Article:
Leaked Intelligence Document Calls For More, Not Less Encryption To Protect Companies And Citizens From Cybercriminals
from the and-yet,-everyone-seems-to-be-calling-for-less dept
Everyone from FBI Director James Comey to UK Prime Minister David Cameron is calling for an end to encryption. The FBI is afraid it won't be able to catch criminals if it can't immediately access content and communications. David Cameron is afraid it will be nothing but constant terrorist attacks from here on out if authorities don't have access to "every means of communication."
Considering many of these voices decrying encryption presumably have access to top secret briefings and documents otherwise unseen by the general public, it's rather surprising they've ignored previous advice from intelligence officials to the contrary.
A secret US cybersecurity report warned that government and private computers were being left vulnerable to online attacks from Russia, China and criminal gangs because encryption technologies were not being implemented fast enough.This document comes from The Guardian's stash of Snowden leaks. What it says runs completely contrary to the panicked assertions of officials. It even runs contrary to the NSA's own actions, like its active attempts to weaken NIST standards. The report recommends strong encryption, coupled with multi-factor authentication, which would make data and communications wholly inaccessible to the NSA (and GCHQ, its steady surveillance partner).
The document from the US National Intelligence Council, which reports directly to the US director of national intelligence, made clear that encryption was the “best defence” for computer users to protect private data.
But this recommendation doesn't come from an outside source. It's an intelligence council that reports directly to the head of national intelligence. And yet, the word didn't spread very far. The NSA isn't thrilled with encryption because it keeps what it wants out of reach. Law enforcement has the same "problem." Both have actively worked to undermine encryption for their own aims and both are perfectly willing to open up citizens and companies to outside attacks in order to preserve the status quo.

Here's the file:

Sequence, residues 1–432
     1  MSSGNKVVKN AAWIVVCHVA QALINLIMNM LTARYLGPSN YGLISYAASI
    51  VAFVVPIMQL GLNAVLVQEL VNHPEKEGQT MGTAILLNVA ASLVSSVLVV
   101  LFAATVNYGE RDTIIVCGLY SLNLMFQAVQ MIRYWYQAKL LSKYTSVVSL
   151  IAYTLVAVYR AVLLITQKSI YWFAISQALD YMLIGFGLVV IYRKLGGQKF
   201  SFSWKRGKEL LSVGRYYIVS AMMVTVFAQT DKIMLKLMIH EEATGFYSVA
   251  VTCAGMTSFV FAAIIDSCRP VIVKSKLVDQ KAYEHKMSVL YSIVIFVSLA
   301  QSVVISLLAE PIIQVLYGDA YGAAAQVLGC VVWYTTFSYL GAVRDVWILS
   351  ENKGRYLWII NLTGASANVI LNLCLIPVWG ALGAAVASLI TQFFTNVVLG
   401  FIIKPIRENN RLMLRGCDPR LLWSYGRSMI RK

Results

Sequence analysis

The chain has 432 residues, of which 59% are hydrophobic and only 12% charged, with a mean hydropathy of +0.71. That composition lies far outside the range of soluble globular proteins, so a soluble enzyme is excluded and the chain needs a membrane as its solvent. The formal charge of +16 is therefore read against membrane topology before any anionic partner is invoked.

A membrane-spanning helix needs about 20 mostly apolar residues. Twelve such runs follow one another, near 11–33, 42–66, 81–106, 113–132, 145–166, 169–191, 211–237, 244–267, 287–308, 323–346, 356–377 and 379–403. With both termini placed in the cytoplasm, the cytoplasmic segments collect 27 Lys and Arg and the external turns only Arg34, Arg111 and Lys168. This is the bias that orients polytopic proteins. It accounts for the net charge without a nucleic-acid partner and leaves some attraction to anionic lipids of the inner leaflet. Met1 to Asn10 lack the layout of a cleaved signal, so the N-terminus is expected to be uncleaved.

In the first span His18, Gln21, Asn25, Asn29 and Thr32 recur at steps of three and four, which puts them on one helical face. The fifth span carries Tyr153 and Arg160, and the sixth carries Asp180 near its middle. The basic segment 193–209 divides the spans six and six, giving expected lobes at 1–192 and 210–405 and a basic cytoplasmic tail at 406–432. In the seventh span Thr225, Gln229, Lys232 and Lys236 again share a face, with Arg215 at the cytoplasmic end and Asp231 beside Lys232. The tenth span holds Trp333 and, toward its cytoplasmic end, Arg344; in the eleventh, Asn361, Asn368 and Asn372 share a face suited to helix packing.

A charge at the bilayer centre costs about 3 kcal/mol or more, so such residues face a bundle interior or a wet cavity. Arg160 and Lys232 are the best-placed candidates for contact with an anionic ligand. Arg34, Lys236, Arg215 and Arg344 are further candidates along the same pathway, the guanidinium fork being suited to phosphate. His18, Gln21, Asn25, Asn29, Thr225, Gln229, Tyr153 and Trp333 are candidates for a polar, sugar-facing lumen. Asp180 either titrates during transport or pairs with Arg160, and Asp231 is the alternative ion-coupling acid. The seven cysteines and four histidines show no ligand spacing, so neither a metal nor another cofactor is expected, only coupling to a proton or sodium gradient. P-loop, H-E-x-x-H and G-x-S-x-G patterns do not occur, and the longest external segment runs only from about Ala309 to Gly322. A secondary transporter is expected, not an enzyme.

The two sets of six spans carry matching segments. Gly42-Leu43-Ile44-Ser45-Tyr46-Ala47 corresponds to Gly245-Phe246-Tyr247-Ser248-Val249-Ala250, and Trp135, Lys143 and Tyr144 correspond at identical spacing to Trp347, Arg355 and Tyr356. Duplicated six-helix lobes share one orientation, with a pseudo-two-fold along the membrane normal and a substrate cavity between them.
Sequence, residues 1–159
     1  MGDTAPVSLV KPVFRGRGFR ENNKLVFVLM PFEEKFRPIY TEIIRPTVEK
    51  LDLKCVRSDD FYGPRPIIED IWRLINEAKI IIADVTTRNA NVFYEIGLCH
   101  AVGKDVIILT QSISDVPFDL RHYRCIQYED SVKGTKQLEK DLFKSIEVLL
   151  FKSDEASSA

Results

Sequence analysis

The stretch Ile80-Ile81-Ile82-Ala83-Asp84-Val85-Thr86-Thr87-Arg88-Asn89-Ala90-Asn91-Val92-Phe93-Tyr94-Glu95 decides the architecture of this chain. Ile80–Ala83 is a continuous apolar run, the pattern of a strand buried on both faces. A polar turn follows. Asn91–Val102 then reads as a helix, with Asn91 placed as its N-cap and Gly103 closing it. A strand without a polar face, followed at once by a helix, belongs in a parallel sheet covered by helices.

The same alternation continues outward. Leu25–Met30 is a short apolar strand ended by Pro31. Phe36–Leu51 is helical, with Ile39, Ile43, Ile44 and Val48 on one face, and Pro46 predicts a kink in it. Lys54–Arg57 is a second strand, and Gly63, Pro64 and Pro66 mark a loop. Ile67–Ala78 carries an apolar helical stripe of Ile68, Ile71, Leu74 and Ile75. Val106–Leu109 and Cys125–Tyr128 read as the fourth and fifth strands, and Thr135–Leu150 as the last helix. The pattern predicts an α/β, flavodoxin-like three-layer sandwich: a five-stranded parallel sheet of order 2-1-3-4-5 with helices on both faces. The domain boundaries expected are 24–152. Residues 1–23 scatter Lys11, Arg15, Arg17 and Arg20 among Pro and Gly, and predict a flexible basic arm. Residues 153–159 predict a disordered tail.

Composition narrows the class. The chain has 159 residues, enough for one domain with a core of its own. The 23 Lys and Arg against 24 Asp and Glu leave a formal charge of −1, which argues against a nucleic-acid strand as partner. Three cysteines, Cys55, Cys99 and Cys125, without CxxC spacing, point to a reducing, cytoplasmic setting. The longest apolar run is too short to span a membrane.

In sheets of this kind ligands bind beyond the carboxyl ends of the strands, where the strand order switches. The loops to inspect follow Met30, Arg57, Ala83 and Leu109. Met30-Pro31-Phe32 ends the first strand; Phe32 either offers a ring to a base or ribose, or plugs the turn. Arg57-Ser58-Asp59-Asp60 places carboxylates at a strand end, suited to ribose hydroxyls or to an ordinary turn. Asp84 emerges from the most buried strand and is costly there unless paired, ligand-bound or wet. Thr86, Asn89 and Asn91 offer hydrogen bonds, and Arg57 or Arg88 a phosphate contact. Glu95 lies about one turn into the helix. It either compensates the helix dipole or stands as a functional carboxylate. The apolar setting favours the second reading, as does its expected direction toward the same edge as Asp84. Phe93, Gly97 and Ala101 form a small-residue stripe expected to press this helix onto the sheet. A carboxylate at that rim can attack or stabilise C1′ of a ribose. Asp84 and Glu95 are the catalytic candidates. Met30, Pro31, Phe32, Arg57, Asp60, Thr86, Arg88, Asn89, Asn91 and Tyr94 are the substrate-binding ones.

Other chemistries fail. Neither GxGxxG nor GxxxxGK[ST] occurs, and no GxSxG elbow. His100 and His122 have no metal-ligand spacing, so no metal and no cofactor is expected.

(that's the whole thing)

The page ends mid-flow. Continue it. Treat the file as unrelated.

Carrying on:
And it's not just American agencies that have ignored these recommendations. The GCHQ is engaged in the same cognitive dissonance.
Another newly discovered document shows GCHQ acting in a similarly conflicted manner, despite the agencies’ private acknowledgement that encryption is an essential part of protecting citizens against cyber-attacks.Again we see agencies charged with protecting nations walking away from this responsibility in order to pursue their own ends. Sure, some safety may have resulted from the collection of unencrypted communications, but both agencies are willing to compromise corporate hardware and consumer software in order to grab just a little more hay for the haystacks.
The 2008 memo was addressed to the then foreign secretary, David Miliband, and classified with one of the UK’s very highest restrictive markings: “TOP SECRET STRAP 2 EYES ONLY”....
The memo requested a renewal of the legal warrant allowing GCHQ to “modify” commercial software in violation of licensing agreements. The document cites examples of software the agency had hacked, including commonly used software to run web forums, and website administration tools. Such software are widely used by companies and individuals around the world.
The document also said the agency had developed “capability against Cisco routers”, which would “allow us to re-route selected traffic across international links towards GCHQ’s passive collection systems”.
GCHQ had also been working to “exploit” the anti-virus software Kaspersky, the document said. The report contained no information on the nature of the vulnerabilities found by the agency.
You can't make a nation safer by destroying its safety features. There's a bigger picture that these agencies refuse to see -- even when internal guidance puts it front and center. If you weaken protections, seek legislation to prevent encryption, collect and stash exploits and install backdoors in hardware and software, you make the nation's cybersecurity that much harder to maintain. The NSA and FBI both want a piece of the cyberwar action but they want to leave everyone that isn't them defenseless. Over on the other side of the pond, the GCHQ is doing the same thing and it has the support of a Prime Minister who feels no communication should be able to escape the agency's notice.
And behind it all, there are documents touting the protective powers of encryption. But that makes intelligence gathering and law enforcement too difficult, so I guess we'll all have to do without.